Top 10 tips on lighting up your band or performance – Have you got the edge?

Lighting your band’s show is not only a cool way to add a new dynamic to your shows but also a great way to stand out from the rest! Adding production value to your gigs can make the difference between you getting top billed or being the eternal support act.

You can create an impressive effect on a reasonably modest budget. Stage lighting can be as simple as a set of par cans, or as sophisticated as a fleet of intelligent moving heads programmed to every beat of the music. The good news is that lighting has become more affordable and convenient, whether buying your own lighting rig, or hiring on a gig-by-gig basis.

Ten Simple Lighting Techniques to Make Your Band Look the Bomb

1. Who’s in the Spotlight?
Typically profiles or spotlights are used on individual performers so that they can be a focus point during the show. Typically the lead singer would be lit up during a song’s performance, however if there is a lead break then the guitarist would become the focus point in order to direct the audience’s attention to them.

The spotlight does not have to be white, in many cases shades of amber and warm white can be used depending on the mood you’re  looking to create. Some will go to the extreme of red for a ‘fiery’ performance.

You could start with one parcan but ideally need to use 2-3 for a small performance to get the light on the star performer from more than one angle.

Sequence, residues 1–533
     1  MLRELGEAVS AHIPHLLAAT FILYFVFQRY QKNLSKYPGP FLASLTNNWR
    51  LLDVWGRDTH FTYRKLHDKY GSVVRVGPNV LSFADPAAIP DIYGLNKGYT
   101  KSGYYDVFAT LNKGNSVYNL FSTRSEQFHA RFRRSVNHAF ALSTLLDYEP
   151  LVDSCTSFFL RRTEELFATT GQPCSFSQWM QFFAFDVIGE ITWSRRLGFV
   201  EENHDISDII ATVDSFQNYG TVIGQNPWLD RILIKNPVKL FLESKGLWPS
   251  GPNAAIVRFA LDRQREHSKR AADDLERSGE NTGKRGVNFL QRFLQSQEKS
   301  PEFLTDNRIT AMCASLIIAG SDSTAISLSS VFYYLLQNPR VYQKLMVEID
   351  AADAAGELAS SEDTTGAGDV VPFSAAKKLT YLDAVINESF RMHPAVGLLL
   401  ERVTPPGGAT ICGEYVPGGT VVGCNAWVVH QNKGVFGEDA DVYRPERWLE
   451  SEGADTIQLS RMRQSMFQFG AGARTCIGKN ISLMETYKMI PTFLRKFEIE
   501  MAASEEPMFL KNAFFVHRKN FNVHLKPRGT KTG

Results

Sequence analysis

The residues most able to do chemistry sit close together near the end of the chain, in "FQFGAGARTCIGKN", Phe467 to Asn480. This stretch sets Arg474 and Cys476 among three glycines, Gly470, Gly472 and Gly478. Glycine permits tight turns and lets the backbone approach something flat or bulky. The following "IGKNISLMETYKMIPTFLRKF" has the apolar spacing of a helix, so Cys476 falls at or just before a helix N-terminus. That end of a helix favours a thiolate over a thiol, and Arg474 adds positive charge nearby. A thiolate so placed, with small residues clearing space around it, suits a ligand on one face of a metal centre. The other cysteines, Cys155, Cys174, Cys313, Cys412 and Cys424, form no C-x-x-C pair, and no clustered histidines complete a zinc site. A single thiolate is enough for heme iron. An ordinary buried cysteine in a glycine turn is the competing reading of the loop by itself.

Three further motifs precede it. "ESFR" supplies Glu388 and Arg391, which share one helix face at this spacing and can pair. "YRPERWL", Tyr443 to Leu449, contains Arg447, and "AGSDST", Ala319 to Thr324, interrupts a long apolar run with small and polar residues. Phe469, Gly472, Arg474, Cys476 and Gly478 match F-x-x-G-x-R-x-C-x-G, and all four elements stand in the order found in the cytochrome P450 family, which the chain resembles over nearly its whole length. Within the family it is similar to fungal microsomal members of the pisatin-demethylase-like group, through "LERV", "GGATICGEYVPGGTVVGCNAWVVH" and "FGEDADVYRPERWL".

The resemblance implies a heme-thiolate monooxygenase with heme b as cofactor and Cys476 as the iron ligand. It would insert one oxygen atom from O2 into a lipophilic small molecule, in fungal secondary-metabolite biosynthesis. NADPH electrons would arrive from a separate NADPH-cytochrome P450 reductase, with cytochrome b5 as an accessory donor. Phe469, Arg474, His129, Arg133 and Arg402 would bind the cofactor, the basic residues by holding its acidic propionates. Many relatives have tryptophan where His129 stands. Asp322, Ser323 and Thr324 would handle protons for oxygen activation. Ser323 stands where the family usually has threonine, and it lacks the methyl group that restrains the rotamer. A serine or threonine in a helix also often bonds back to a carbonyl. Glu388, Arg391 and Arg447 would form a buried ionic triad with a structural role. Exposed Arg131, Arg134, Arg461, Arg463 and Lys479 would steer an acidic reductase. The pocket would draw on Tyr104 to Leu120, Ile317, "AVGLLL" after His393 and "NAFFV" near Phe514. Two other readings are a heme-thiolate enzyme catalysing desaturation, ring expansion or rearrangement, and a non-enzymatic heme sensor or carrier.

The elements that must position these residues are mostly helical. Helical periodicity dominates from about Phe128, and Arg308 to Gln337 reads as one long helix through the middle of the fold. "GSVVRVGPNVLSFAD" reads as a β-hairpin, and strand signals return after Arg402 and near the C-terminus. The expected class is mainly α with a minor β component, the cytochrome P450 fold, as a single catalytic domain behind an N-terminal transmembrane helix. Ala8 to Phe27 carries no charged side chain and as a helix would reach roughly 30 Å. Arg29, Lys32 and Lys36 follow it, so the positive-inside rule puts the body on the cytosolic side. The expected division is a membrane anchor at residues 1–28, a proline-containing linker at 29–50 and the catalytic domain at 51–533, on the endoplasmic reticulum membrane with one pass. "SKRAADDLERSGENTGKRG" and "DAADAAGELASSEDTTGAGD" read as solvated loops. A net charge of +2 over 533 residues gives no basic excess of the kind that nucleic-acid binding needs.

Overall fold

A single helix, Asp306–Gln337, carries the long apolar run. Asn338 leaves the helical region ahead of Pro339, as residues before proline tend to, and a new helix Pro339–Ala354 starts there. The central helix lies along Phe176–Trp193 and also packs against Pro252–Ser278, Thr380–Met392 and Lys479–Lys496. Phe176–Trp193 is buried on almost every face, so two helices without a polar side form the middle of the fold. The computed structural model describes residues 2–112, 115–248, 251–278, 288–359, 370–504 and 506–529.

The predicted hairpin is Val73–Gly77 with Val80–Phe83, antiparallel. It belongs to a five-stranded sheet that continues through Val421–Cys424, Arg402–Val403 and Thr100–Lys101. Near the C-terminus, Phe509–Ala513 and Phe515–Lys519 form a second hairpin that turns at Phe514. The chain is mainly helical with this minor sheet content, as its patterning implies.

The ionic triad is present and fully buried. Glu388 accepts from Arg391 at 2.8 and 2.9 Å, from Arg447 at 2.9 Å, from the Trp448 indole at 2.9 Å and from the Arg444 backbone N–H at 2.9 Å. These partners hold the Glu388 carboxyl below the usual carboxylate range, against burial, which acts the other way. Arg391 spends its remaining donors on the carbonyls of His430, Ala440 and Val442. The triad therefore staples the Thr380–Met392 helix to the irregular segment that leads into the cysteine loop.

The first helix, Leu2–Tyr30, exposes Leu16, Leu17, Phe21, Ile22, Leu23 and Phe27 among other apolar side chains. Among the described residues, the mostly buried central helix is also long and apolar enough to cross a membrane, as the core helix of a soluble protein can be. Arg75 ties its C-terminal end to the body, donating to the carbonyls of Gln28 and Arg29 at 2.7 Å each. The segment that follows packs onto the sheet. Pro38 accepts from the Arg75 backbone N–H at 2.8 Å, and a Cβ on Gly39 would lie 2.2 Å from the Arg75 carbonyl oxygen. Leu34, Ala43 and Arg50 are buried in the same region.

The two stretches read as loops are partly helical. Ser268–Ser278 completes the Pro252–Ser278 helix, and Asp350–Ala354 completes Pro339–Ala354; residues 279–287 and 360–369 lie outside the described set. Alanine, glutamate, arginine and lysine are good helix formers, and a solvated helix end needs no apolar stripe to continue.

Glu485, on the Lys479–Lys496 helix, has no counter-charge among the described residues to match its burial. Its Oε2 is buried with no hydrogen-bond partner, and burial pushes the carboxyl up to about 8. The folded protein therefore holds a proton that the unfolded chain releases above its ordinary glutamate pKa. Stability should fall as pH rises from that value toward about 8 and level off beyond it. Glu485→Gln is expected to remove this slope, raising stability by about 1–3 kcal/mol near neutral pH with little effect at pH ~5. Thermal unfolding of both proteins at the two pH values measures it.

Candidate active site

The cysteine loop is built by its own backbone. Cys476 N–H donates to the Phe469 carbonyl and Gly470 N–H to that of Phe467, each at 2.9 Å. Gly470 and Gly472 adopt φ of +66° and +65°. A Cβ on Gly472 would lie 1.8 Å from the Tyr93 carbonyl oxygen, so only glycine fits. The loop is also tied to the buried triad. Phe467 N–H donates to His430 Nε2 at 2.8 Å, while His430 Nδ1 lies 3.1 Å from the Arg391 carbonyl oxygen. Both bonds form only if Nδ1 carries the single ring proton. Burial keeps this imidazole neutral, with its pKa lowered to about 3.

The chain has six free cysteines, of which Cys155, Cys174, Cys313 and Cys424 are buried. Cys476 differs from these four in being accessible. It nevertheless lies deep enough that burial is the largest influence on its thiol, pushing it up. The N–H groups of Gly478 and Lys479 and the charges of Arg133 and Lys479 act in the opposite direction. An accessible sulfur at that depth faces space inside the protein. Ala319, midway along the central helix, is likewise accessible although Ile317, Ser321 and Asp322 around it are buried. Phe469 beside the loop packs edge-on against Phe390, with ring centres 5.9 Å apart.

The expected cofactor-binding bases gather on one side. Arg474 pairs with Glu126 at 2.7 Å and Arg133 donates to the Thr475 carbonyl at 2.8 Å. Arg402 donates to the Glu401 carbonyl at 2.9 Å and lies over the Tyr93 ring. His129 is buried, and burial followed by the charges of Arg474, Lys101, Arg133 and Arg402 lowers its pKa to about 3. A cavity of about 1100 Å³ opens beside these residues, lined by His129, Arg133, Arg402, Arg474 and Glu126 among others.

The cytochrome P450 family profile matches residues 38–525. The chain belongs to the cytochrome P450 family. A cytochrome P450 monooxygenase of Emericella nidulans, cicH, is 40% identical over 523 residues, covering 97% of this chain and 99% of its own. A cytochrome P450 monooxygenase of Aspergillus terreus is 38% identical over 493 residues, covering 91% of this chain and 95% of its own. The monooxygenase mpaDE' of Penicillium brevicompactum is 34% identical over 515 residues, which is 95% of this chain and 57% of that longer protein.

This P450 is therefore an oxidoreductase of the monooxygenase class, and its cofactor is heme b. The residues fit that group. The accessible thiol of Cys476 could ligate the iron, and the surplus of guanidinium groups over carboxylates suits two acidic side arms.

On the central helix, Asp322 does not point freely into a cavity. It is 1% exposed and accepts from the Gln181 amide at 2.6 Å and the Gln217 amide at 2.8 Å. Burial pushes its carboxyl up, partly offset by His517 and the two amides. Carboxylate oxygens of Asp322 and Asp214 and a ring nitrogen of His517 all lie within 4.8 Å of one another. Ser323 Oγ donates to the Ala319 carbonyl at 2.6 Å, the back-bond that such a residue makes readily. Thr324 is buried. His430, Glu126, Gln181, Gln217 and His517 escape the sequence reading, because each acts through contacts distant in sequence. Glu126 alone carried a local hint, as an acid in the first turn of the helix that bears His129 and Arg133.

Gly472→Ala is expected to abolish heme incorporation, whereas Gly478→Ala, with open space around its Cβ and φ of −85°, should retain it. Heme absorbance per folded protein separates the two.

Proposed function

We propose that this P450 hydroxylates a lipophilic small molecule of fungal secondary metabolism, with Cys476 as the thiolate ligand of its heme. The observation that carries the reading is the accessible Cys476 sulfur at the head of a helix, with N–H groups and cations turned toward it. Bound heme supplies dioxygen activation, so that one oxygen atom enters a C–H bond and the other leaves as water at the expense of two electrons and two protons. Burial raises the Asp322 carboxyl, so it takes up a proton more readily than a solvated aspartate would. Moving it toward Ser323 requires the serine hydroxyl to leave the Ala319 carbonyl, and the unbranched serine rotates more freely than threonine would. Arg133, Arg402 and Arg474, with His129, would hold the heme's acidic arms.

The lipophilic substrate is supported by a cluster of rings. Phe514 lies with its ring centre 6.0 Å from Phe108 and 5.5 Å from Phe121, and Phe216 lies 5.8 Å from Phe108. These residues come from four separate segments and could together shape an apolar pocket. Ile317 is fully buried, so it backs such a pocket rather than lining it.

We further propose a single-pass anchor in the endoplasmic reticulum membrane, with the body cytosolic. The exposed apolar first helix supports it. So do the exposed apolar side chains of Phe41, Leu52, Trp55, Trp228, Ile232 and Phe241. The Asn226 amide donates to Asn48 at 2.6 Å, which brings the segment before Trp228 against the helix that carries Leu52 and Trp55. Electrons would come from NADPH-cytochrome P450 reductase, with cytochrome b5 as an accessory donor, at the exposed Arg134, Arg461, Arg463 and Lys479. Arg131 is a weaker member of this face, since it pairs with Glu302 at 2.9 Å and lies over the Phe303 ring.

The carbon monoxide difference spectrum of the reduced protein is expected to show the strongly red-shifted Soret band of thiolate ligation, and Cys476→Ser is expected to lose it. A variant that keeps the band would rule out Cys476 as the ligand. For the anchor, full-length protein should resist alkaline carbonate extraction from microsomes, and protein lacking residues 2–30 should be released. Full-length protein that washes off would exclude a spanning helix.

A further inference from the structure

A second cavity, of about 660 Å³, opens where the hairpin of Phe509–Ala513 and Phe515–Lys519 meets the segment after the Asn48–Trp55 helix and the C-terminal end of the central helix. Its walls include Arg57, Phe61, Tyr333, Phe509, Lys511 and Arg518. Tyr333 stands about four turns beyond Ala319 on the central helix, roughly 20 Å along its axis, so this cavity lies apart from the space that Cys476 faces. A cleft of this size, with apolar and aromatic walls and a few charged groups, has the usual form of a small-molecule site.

The height of the lights needs to be somewhere between 1-2.5 m high which can be achieved using a lighting stand.







2. Backdrop or “Cyc” Lighting

A stage will generally have a back wall that can be used to project a backdrop or illuminated to match the mood of a song. Examples are using parcans with a set colour or changing colour as per a pre- programmed sequence (via DMX usually). If your music is upbeat and has a high level of bass to it, you can use the parcans or another disco effect set to on music activation.

Some bands will also use mood lighting such as a water effect or an oil effect if you’re looking for a soothing effect.

If you want to achieve brighter and more interesting effects in the background, use a couple of moving heads with gobos (gobos are usually built into the light and allow the light to project different shapes on the wall) rotating and changing shapes. This is obviously a more expensive option but can certainly be hired as needed instead of purchased to achieve the desired effect without breaking the budget.

3. Mood and Drama

Different colours can add mood and intensity to a show. Use darker colours like blue or violet for a dramatic blues effect or colours like amber or red for adding energy to the performance. The light source would usually be a par can or a wash led bar. These can be placed in different locations e.g. shining from the side onto the performers to add another dimension of colour to the show.

Always make sure the lead performer or singer is washed by a brighter colour than the rest of the band to draw attention to them. If there is no lead performer as such, then we recommend all members of the band to be highlighted by the brighter colour and have a clear contrast with the background lighting in terms of colour and brightness, i.e. background is to be generally darker and lower tones of colour than the performers.

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